This guide discusses anonymisation of activity data. This is required before activity data can be distributed to others..
The Data Protection Act legislates that one cannot release personal data to other people without the data subjects' permission. Much of the activity data that is collected and used contains information which can identify the person responsible for its creation. Examples of personal information are username, library number, IP address of the computer that a user is using, or other information including patterns of behaviour that can identify individual users.
Therefore where information is to be released as open data, consideration needs to be given to anonymising the data. This may also be required for sharing data with partners in a closed manner depending on the reasons for sharing and the nature of the data, together with any consent provided by the user.
Two main options exist if you want to share data.
The first is to only share statistical data . As the Information commissioner recently wrote "Some data sharing doesn't involve personal data, for example where only statistics that cannot identify anyone are being shared. Neither the Data Protection Act (DPA), nor this code of practice, apply to that type of sharing."
The second is to anonymise the personal data so that it cannot be traced back to an individual. This can take a number of forms. For instance, some log files store user names while other log files may store IP addresses, where a user uses a fixed IP address these could be traced back to them. anonymising the user name or IP address through a purpose-specific algorithm would prevent this. A further problem may arise where rare occurrences might be able to be used to identify an individual. For instance a pattern of accessing some rare books could be linked to someone with a particular research interest. Small counts are often omitted, e.g. loans made by a people attending a course with a low class size.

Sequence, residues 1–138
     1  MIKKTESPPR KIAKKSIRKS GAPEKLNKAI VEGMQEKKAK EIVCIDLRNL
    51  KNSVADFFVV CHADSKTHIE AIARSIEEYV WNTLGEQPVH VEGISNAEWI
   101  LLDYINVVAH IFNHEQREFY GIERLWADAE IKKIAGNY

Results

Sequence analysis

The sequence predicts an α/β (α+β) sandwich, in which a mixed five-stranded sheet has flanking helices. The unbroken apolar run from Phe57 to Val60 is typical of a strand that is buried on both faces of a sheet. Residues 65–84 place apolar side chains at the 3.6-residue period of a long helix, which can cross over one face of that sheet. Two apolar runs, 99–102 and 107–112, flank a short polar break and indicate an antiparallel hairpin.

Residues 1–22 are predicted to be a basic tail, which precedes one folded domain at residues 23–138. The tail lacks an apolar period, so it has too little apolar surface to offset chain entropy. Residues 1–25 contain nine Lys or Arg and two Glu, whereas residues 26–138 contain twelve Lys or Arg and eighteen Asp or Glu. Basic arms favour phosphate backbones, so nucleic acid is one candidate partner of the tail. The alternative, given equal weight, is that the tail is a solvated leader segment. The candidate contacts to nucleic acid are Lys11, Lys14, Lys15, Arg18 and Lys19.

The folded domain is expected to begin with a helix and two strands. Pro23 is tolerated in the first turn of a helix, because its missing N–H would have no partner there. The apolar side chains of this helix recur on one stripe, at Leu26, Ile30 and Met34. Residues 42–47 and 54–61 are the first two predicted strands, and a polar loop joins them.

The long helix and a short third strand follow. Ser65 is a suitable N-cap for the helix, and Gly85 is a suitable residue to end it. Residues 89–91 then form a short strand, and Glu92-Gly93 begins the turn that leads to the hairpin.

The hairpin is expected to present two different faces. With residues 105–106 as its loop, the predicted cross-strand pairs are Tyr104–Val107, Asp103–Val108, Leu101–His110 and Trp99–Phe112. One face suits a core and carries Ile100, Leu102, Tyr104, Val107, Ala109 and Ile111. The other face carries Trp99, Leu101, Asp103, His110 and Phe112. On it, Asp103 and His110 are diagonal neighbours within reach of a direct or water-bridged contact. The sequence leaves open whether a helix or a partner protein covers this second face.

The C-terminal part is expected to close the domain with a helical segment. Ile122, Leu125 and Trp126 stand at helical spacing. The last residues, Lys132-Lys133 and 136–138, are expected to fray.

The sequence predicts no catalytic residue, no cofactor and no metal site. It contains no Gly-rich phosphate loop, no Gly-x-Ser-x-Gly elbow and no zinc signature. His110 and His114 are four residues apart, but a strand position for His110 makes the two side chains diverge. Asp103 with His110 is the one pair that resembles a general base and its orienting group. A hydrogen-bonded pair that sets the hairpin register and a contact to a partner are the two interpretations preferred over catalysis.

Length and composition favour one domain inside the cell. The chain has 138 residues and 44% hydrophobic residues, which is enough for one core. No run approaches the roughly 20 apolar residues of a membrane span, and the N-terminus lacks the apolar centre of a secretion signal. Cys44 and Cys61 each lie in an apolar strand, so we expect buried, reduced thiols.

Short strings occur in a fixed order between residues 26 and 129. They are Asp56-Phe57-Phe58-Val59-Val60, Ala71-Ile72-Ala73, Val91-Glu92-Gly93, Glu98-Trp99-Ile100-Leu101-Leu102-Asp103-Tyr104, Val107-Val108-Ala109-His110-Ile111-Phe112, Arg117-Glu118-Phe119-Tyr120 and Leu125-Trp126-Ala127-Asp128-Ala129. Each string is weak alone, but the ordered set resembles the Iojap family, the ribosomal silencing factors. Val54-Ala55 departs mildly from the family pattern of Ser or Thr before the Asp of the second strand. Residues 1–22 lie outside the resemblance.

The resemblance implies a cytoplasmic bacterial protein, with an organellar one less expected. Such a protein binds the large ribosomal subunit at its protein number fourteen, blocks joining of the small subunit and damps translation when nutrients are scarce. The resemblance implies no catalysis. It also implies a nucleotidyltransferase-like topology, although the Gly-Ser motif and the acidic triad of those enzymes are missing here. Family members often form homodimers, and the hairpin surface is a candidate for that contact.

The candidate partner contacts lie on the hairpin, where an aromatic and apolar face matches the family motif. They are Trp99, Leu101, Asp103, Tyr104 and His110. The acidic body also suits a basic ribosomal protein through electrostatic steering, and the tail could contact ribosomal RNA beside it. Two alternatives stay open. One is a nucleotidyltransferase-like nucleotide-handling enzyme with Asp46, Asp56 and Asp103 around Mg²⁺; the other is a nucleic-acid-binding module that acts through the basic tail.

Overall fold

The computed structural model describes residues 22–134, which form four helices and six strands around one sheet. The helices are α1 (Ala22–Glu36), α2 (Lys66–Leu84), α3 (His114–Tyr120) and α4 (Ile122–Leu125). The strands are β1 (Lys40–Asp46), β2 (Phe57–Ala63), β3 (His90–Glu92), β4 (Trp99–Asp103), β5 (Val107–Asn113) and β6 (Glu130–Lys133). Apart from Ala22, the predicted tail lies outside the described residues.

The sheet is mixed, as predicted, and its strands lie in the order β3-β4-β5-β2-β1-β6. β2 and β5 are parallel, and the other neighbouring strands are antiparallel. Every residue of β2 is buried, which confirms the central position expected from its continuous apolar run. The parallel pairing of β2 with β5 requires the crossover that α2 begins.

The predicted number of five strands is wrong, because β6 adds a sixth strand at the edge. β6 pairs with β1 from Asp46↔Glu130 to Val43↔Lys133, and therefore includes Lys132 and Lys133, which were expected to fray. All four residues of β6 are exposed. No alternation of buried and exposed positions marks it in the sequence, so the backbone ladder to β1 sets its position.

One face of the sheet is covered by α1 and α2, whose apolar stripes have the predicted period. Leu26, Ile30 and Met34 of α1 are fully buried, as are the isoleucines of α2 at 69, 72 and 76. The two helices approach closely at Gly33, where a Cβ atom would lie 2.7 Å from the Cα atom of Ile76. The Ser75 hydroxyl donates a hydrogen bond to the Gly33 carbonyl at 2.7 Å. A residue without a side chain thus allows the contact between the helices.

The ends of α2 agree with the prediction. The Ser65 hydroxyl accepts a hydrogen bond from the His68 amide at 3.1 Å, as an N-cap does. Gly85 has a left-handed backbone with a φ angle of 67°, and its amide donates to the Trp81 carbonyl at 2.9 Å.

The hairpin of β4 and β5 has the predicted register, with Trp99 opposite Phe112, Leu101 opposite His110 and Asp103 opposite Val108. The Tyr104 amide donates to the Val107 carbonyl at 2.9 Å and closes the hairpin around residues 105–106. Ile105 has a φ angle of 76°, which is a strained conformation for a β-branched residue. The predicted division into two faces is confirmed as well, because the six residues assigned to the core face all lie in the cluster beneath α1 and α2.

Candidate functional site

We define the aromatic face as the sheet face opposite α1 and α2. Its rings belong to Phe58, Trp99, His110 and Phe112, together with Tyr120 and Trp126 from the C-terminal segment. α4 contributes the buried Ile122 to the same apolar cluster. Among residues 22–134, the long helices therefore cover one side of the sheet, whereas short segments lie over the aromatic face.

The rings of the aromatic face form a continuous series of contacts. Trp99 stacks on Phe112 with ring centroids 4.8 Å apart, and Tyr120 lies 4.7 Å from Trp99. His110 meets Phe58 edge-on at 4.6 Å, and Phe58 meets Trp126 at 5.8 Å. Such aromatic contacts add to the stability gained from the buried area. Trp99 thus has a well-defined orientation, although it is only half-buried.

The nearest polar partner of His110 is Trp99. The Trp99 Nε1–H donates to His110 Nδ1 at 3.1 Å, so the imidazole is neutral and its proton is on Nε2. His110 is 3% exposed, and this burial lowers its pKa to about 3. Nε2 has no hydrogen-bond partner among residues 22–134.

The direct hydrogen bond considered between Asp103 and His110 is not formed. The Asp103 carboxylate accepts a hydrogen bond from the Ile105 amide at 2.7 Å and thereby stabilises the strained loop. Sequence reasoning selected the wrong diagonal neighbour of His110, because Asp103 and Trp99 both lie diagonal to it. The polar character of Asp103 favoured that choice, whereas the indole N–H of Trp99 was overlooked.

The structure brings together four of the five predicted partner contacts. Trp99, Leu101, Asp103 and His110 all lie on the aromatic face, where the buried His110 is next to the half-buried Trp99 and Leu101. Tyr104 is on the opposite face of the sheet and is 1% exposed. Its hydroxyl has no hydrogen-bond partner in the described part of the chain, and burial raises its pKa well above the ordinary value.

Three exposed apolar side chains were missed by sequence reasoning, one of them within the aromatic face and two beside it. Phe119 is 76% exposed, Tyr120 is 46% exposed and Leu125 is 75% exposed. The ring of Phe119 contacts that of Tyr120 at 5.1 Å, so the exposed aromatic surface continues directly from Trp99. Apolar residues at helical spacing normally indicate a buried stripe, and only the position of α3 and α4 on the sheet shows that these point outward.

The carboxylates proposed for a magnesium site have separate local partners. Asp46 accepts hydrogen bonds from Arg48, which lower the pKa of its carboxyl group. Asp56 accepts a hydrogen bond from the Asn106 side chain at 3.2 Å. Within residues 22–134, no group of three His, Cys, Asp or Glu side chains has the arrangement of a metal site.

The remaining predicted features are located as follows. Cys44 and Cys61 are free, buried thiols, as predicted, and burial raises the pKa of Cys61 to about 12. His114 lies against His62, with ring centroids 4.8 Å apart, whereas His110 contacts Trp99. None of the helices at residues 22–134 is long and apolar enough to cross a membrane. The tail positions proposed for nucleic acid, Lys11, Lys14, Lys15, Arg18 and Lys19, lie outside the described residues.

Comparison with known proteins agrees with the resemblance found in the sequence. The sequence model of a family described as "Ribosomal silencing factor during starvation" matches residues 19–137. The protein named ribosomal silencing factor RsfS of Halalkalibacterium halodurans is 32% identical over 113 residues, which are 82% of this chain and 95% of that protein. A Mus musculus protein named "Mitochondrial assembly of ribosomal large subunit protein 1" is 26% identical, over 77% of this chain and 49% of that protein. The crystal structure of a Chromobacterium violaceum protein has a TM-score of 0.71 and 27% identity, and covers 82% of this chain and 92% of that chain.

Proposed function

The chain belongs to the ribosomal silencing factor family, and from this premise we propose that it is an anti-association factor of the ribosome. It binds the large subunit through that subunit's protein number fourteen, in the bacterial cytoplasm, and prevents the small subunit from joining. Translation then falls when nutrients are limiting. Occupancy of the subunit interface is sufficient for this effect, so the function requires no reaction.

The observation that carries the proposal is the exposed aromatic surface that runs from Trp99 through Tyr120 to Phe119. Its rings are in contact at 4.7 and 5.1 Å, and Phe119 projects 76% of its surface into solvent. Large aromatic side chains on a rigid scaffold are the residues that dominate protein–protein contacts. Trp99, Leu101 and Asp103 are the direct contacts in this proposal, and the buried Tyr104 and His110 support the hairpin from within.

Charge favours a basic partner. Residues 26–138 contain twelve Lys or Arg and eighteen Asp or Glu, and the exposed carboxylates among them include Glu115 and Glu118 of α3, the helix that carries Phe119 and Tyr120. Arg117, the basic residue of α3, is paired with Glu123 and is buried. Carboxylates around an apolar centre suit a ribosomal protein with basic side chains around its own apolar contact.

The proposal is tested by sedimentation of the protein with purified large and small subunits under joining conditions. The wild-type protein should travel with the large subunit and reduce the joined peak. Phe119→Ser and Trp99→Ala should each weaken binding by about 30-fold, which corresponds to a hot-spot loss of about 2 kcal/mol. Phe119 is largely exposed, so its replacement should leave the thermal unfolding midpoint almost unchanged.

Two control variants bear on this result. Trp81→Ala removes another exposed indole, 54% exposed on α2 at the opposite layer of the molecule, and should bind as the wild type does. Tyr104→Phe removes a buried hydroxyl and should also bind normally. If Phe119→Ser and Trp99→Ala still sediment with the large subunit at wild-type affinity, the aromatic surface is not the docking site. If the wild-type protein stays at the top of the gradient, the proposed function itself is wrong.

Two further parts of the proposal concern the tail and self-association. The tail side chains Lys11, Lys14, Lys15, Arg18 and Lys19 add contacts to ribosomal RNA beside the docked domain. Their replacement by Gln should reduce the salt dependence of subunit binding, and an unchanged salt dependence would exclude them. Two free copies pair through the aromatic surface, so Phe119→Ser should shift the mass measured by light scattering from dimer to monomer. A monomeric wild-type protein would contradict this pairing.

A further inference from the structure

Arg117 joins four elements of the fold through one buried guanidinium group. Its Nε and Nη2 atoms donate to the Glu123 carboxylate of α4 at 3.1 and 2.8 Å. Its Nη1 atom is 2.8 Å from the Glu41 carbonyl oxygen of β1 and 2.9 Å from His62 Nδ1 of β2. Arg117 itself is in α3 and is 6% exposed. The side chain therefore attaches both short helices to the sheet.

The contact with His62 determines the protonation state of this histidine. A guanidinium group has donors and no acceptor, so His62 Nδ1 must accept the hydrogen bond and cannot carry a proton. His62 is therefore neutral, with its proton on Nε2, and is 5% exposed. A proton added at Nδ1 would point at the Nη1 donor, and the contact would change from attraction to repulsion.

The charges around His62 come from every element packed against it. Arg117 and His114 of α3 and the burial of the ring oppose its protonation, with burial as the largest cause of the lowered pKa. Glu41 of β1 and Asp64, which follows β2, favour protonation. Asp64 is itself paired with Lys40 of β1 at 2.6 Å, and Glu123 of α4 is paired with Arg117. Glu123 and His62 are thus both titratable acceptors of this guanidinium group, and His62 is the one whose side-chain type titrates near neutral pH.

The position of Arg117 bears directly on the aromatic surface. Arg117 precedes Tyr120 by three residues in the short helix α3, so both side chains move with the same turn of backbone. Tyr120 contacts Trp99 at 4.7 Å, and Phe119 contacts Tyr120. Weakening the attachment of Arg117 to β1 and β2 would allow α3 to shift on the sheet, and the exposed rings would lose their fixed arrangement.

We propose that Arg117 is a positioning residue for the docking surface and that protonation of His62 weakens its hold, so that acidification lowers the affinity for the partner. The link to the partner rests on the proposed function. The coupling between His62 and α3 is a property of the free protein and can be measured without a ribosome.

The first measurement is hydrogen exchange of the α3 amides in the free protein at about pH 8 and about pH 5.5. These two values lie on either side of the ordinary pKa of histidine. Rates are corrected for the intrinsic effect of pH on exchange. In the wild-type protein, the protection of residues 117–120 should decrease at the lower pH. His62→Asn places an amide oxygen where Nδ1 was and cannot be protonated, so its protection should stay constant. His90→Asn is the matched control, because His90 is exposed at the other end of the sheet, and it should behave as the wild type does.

Taking it further
If you want to take it further then you will need to consider the following as a starting point:
- Does the data you are considering releasing contain any personal information?
- Are the people that you are sharing the data with already covered by the purpose the data was collected for (eg a student’s tutor)?
- Is the personal information directly held in the data (user name, IP address)?
- Does the data enable one to deduce a user identity (only x could have borrowed those two rare books – so what else have they borrowed)?
- See also Sharing activity data: Legal issues .
- Data sharing code of practice, the Information Commissioner's office, 2011 http://www.ico.gov.uk/~/media/documents/library/Data_Protection/Detailed_specialist_guides/data_sharing_code_of_practice.pdf
- Three of the projects have also been addressing this issue: